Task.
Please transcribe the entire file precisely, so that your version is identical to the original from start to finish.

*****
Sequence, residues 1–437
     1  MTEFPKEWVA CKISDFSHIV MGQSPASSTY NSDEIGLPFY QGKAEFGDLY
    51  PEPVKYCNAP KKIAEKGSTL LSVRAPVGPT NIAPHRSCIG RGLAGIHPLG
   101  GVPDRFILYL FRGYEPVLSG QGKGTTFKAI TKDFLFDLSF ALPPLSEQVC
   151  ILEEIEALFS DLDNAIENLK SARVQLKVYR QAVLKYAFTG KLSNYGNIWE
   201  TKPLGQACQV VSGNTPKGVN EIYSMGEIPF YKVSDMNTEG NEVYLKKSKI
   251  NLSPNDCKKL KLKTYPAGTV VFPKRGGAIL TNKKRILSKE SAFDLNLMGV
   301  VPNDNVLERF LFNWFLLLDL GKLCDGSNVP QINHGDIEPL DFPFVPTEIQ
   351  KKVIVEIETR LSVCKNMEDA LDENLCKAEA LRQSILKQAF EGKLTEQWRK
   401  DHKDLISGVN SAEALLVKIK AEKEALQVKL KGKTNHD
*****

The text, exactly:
Sequence, residues 1–437
     1  MTEFPKEWVA CKISDFSHIV MGQSPASSTY NSDEIGLPFY QGKAEFGDLY
    51  PEPVKYCNAP KKIAEKGSTL LSVRAPVGPT NIAPHRSCIG RGLAGIHPLG
   101  GVPDRFILYL FRGYEPVLSG QGKGTTFKAI TKDFLFDLSF ALPPLSEQVC
   151  ILEEIEALFS DLDNAIENLK SARVQLKVYR QAVLKYAFTG KLSNYGNIWE
   201  TKPLGQACQV VSGNTPKGVN EIYSMGEIPF YKVSDMNTEG NEVYLKKSKI
   251  NLSPNDCKKL KLKTYPAGTV VFPKRGGAIL TNKKRILSKE SAFDLNLMGV
   301  VPNDNVLERF LFNWFLLLDL GKLCDGSNVP QINHGDIEPL DFPFVPTEIQ
   351  KKVIVEIETR LSVCKNMEDA LDENLCKAEA LRQSILKQAF EGKLTEQWRK
   401  DHKDLISGVN SAEALLVKIK AEKEALQVKL KGKTNHD